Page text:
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Return On Your “Selling” Investment

by David Brock on September 27th, 2011

Some who have been following me for some time may be a little surprised about this title.  I’m always focused on creating value for the customer, aligning sales process with the customer buying process, and being viciously customer focused. 

But, selling is a “for profit” activity (even in not for profits).  It’s critical the customers we work with give us a fair return on our selling investment—if they don’t thy’re not doing their job!  Well maybe that’s a little too strong, but it’s critical that we invest our time, where customers value that investment.

There are customers that will never, for various reasons value what we bring to the table—they may not care about the ideas we bring to help improve their businesses, they may not want us to help them be more efficient, they may not believe we can be knowledgeable enough to contribute to their goals.  Regardless of how compelling our arguments may be, they simply don’t care or don’t value that.

I’m not saying they are good or bad organizations or customers, it’s simply that what we have to offer is not perceived as value to them and never will be.  Stated otherwise, they may be someone’s good customer, but they’re not likely to be ours.

The other day, I wrote an article, Do We Really Want To Provide Customers Added Value?  There is a different way to consider this issue–I think it’s very important for sales and marketing people to consider: Do We Really Want Customers That Don’t Value What We Provide? 

As sales professionals, we get the highest return on our selling investment by focusing on customers in our sweet spot—those are customers that value what we provide. These are customer who are well aligned with what our differentiating value.  We may be able to move some prospects into our sweet spot by educating or persuading them that things that we do–which they previously did not value–are now valuable to them.  But if we can’t do this, if the prospects we are pursuing don’t value what we offer, then we are wasting our time.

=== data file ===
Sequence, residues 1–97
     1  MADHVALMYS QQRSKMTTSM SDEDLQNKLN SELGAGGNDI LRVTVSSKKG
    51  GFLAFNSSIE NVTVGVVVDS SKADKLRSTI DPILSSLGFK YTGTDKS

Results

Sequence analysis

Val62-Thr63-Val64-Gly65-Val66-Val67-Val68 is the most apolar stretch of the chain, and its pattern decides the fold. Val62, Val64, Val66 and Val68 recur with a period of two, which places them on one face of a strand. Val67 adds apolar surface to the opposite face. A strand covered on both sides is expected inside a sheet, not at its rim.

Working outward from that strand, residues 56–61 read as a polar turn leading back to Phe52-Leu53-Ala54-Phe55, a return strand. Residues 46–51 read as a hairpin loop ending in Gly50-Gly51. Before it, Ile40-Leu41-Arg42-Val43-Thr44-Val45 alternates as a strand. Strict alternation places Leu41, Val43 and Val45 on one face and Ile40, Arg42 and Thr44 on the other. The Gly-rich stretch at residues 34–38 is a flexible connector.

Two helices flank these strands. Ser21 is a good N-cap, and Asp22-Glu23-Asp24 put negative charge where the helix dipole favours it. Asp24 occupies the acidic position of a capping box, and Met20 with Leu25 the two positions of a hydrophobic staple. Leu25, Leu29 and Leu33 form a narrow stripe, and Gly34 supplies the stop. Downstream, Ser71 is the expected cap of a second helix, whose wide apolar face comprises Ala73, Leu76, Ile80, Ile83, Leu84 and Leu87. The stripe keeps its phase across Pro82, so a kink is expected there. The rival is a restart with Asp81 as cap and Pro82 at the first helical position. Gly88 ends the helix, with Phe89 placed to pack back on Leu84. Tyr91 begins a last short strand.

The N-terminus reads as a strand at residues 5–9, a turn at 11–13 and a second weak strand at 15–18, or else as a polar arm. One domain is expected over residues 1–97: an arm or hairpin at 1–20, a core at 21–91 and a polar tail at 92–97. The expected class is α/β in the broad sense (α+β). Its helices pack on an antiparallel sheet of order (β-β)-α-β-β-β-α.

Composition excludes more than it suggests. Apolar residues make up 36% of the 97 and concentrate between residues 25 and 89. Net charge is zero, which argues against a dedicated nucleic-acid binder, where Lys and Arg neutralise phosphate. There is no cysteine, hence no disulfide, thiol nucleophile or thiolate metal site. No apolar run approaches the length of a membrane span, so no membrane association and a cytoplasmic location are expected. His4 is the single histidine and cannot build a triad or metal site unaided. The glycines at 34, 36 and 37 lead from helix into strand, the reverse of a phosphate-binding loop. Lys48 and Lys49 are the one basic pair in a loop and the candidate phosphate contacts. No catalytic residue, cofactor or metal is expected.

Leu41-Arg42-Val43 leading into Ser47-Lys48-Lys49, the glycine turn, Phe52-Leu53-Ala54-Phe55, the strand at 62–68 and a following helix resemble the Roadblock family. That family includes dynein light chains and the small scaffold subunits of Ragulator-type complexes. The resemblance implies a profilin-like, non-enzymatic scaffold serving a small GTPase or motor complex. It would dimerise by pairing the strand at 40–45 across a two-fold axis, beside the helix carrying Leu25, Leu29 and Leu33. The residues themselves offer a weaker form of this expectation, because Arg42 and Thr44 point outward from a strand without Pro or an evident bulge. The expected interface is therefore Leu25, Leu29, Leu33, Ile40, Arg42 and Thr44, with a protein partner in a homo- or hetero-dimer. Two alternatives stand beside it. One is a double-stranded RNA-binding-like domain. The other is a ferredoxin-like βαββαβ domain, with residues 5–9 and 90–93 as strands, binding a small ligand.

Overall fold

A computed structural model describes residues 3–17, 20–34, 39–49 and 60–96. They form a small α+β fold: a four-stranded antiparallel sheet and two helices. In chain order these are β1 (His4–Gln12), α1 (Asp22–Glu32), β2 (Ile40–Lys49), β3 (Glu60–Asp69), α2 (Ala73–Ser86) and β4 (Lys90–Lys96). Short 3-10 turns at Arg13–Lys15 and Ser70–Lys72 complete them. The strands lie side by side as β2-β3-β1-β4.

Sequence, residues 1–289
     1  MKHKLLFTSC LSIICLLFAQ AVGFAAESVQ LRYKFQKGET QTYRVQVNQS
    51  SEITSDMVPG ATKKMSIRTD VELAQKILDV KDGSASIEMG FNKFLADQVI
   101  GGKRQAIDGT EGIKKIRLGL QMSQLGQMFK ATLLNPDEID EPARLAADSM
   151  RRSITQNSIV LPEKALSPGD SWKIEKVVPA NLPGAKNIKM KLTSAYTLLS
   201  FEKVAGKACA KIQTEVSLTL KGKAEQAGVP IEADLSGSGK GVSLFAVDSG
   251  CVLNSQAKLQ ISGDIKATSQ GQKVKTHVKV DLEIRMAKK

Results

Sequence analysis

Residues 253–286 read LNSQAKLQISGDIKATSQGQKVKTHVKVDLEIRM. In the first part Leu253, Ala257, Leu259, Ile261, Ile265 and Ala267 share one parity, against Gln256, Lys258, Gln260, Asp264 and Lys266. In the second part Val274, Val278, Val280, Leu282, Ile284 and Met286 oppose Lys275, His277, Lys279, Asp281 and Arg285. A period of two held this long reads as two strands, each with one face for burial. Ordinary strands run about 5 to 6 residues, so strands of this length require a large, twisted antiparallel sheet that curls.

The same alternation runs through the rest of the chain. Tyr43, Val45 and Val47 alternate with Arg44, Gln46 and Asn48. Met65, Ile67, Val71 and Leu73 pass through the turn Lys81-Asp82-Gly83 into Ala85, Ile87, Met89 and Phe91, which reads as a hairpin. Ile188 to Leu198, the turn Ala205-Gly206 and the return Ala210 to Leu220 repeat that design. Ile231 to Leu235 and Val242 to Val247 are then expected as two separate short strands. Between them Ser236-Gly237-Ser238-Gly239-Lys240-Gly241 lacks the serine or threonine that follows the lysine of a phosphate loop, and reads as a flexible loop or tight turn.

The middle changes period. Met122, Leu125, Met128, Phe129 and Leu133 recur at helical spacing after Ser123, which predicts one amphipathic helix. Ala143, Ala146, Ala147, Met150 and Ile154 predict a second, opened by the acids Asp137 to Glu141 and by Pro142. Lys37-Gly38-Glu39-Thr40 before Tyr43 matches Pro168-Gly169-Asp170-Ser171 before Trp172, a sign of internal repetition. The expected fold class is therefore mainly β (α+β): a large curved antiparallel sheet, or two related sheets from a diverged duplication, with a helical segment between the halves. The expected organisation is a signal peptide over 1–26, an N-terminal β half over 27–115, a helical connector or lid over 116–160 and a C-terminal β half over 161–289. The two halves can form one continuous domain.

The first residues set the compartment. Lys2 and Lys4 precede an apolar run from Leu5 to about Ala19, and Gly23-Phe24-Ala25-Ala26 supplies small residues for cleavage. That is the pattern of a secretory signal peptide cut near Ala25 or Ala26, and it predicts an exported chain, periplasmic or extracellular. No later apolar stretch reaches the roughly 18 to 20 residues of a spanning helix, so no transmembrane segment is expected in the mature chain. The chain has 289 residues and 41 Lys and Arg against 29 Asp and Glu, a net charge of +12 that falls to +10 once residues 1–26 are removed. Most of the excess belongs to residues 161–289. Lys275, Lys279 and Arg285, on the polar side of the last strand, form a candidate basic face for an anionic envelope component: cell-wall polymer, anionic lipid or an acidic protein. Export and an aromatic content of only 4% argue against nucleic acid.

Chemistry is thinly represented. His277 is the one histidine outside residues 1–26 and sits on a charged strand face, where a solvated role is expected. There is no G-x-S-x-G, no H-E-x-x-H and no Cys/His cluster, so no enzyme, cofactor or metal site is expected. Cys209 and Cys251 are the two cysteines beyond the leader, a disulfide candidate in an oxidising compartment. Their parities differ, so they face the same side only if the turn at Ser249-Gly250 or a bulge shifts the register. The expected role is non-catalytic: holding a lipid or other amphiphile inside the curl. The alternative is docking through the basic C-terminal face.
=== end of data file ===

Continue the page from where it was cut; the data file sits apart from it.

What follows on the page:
Our customers expect a Return On Their Investments.  But at the same time, our time as sales professionals is valuable, we should challenge each customer to give us a Return On Our Selling Investment.  If they can’t, we are wasting our time and theirs.  We need to go someplace where we can get a positive ROSI.

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  1. Michael Waldman permalink

    Interesting topic.

    A Sales person can cultivate new customers and develop better relationships in existing customers but unless you are self-employed it is rare that you get to actually choose your customers !!

    Sometimes a customer is ‘strategic’ to Upper Management regardless of the ‘value’ proposition. It is very true that some potential customers will not percieve your company as adding value no matter how hard you try. As you imply, it is best to move on and work with customers who do find value in your relationship/products.

    Michael Waldman

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